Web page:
9. 9. At any point in time, the supplier can be in several states, ation in the Stopped State object instructs the data com- such as PLAYING, REWINDING, or STOPPED. Depending on ponent to play frames in reverse chronological order. the supplier’s state, its behavior may change in response to consumer operations. For instance, the supplier ignores a 3.1.2 The Data Transfer Component consumer’s play operation when the supplier is already in the PLAYING state. Conversely, when the supplier is in the The data component is responsible for transferring data to the STOPPED state, a consumer rewind operation transitions the consumer. Our MPEG supplier application reads video frames supplier to the REWINDING state. from a MPEG-1 file and audio frames from a Sun ULAW audio The key design forces that must be resolved while imple- file. It sends these frames to the consumer, fragmenting long menting MediaCtrls for A/V streaming are (1) allowing the frames if necessary. The current implementation of the data same object to respond differently, based on its current state, component uses the UDP protocol to send A/V frames. (2) providing hooks to add new states, and (3) providing ex- A key design challenge related to data transfer is to have the tensible operations to change the current state. application respond to CORBA operations for the stream con- trol objects, e.g, the MediaCtrl, as well as the data transfer To provide a flexible design that meet these requirements, events, e.g., video frame timer events. An effective way to do the control component is implemented using the State pat- this is to use the Reactor pattern, as shown in Figure 13. tern [17]. This implementation is shown in Figure 12. The state : Media : Periodic Media Controller Media State Video frame : Feedback Controller play () play () = 0; transmitter Handler rewind () rewind () = 0; stop () stop () = 0; CORBA ORB ORB Playing State Stopped State Timer Data (UDP) state-play (); Descriptor play () play () : Reactor rewind () rewind () stop () stop () OS EVENT DEMULTIPLEXING INTERFACE Figure 12: State pattern implementation of the Media Con- troller Figure 13: Reactive Architecture of the Video Supplier MediaCtrl has a state object pointer. The object be- ing pointed to by the Media Controller’s state pointer rep- The video supplier registers two event handlers with TAO’s resents the current state. For simplicity, the figure shows ORB Reactor. One is a signal handler for the video frame the Playing State and the Stopped State, which are timer events. The other is a UDP socket event handler for subclasses of the Media State abstract base class. Addi- feedback events coming from the consumer. The frames sent tional states, such as the Rewinding State, can be added by the data component correspond to the current state of the by subclassing from Media State. MediaCtrl object, as outlined above. Thus, in the PLAYING The diagram lists three operations: play, rewind and state, the data component plays the audio and video frames in stop. When the consumer invokes an operation on the chronological order. Media Controller, this class delegates the operation to Future implementations of the data transfer component in the state object. A state object implements the response to our MPEG player application will support multiple encoding each operation in a particular state. For instance, the rewind protocols via the simple flow protocol (SFP) [9]. SFP encod- operation in the Playing State contains the response of ing encapsulates frames of various protocols within an SFP the media controller to the rewind operation when it is in the frame. It provides standard framing and sequence numbering PLAYING state. State transitions can be made by changing the mechanisms. SFP uses the CORBA CDR encoding mecha- object being pointed to by the state pointer of the Media nism to encode frame headers and uses a simple credit-based Controller. flow control mechanism described in [9]. In response to consumer operations, the current state ob- ject instructs the data transfer component discussed in Sec- 3.2 Consumer Architecture tion 3.1.2 to modify the stream flow. For instance, when the consumer invokes the rewind operation on the Media The role of the consumer is to read audio and video frames off Controller while in the STOPPED state, the rewind oper- the network, decode them, and play them synchronously. The 9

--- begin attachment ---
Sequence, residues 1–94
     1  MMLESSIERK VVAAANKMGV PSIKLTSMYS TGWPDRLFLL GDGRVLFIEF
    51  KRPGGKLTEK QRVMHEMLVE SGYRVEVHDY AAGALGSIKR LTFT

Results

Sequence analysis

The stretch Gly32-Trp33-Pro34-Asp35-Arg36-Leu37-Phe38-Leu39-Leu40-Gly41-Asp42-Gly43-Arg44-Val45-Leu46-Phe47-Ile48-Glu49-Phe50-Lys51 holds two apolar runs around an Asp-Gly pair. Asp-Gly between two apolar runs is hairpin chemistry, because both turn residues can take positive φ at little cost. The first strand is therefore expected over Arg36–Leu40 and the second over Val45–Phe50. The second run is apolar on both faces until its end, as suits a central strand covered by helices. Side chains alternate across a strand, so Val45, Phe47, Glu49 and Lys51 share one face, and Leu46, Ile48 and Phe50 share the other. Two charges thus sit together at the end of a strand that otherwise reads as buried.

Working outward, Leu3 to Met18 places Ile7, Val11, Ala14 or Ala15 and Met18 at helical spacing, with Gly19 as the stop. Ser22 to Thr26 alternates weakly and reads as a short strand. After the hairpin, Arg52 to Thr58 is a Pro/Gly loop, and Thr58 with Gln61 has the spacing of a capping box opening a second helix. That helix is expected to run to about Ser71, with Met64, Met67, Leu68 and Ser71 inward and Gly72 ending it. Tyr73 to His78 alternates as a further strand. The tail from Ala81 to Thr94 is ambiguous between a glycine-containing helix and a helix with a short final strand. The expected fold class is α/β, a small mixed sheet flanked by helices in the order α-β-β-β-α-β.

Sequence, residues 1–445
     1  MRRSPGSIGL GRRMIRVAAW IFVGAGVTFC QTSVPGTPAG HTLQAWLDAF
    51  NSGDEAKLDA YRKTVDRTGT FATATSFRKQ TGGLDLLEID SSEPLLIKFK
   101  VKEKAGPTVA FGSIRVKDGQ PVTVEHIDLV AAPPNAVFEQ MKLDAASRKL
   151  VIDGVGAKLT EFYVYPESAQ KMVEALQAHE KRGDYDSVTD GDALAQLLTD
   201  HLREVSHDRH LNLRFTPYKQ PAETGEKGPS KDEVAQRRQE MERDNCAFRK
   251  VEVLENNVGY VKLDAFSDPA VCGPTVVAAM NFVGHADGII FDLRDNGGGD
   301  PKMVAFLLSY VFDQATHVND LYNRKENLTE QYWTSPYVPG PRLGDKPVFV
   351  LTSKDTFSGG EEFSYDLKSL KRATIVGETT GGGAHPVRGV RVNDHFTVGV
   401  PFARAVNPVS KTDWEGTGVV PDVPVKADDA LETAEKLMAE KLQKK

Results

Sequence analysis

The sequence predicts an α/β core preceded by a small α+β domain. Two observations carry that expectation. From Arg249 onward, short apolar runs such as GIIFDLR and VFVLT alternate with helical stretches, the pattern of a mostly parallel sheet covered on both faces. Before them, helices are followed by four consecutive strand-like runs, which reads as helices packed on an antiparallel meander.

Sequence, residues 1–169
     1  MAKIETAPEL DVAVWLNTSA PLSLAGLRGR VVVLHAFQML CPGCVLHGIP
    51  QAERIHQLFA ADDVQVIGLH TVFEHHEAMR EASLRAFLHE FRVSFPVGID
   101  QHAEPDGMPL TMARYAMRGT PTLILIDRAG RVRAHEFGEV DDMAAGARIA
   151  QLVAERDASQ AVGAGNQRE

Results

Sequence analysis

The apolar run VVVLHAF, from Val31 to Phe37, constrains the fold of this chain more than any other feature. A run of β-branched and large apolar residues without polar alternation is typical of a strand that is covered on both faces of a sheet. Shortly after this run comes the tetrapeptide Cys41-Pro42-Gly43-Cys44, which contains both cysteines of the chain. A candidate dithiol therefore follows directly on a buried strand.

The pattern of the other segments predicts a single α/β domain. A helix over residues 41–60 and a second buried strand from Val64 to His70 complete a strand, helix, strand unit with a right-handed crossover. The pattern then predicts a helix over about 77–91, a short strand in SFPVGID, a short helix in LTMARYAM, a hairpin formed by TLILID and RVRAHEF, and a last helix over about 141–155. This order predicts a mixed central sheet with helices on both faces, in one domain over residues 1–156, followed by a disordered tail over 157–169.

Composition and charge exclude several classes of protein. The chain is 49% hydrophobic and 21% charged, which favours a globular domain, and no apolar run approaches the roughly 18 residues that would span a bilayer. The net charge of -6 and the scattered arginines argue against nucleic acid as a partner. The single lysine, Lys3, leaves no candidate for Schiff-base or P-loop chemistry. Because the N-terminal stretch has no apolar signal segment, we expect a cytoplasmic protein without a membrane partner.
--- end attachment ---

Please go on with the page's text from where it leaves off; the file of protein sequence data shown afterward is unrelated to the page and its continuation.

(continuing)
10. 10. audio and video servers stream the frames separately. A/V 5. Control/Audio Playback process: The Control/Audio frame synchronization is performed on consumer. Figure 14 process is responsible for the following tasks: depicts the key components in the consumer architecture: Control – This component receives control messages from the GUI process and sends the appropriate CORBA DECODED MPEG GUI/VIDEO operation to the MediaCtrl servant in the supplier pro- VIDEO VIDEO PACKETS DECODE C ONTROL/AUDIO cess. Audio playback – The audio playback component is re- R AW sponsible for dequeueing audio packets from the Audio PACKETS Buffer process and playing them back using the multime- VIDEO AUDIO Video Control dia sound hardware. Decoding is unnecessary because BUFFER BUFFER the supplier uses the ULAW format. Therefore, the data Audio Control Commands received can be directly written to the sound port, which is /dev/audio on Solaris. Figure 14: TAO Audio/Video Consumer Architecture 4 Performance Results The original non-CORBA MPEG consumer [25] used a This section describes the design and results of three perfor- process-based concurrency architecture. Our CORBA-based mance experiments we conducted using TAO’s A/V streaming consumer maintain this architecture to minimize changes to service. the code. Separate processes are used to do the buffering, de- coding, and playback, as explained below: 4.1 CORBA/ATM Testbed 1. Video Buffer: The video buffering process is responsi- ble for reading UDP packets from the network and enqueueing The experiments in this section were conducted using a them in shared memory. The Video Decoder process dequeues FORE systems ASX-1000 ATM switch connected to two these packets and performs MPEG decoding operations on dual-processor UltraSPARC-2s running Solaris 2.5.1. The them. ASX-1000 is a 96 Port, OC12 622 Mbs/port switch. Each UltraSPARC-2 contains a 300 MHz Super SPARC CPUs with 2. Audio Buffer: Similarly, the audio buffering process a 1 Megabyte cache per-CPU. The Solaris 2.5.1 TCP/IP proto- is responsible for reading UDP packets of the network and col stack is implemented using the STREAMS communication enqueueing them in shared memory. The Control/Audio framework [28]. Playback process dequeues these packets and sends them to Each UltraSPARC-2 has 256 Mbytes of RAM and an ENI- /dev/audio. 155s-MF ATM adaptor card, which supports 155 Megabits per-sec (Mbps) SONET multimode fiber. The Maximum 3. Video Decoder: The video decoding process reads the Transmission Unit (MTU) on the ENI ATM adaptor is 9,180 raw packets sent to it by the Video Buffer process and decodes bytes. Each ENI card has 512 Kbytes of on-board memory. them according to the MPEG-1 video specification. These de- A maximum of 32 Kbytes is allotted per ATM virtual circuit coded packets are sent to the GUI/Video process, which dis- connection for receiving and transmitting frames (for a total of plays them. 64 Kb). This allows up to eight switched virtual connections per card. The CORBA/ATM hardware platform is shown in 4. GUI/Video process: The GUI/Video process is responsi- Figure 15. ble for the following two tasks: 4.2 CPU Usage of the MPEG decoder GUI – It provides a GUI to the user, where the user can select operations like play, stop, and rewind. These The aim of this experiment is to determine the CPU overhead operations are sent to the Control/Audio process via a associated with decoding and playing MPEG-1 frames in soft- UNIX domain socket [27]. ware. To measure this, we used the MPEG/ULAW A/V player application described in Section 3. Video – This component is responsible for displaying We used the application to view two movies, one of size video frames to the user. The decoded video frames are 128x96 pixels and the other of size 352x240 pixels. We mea- stored in a shared memory queue. sured the percentage CPU usage for different frame rates. The 10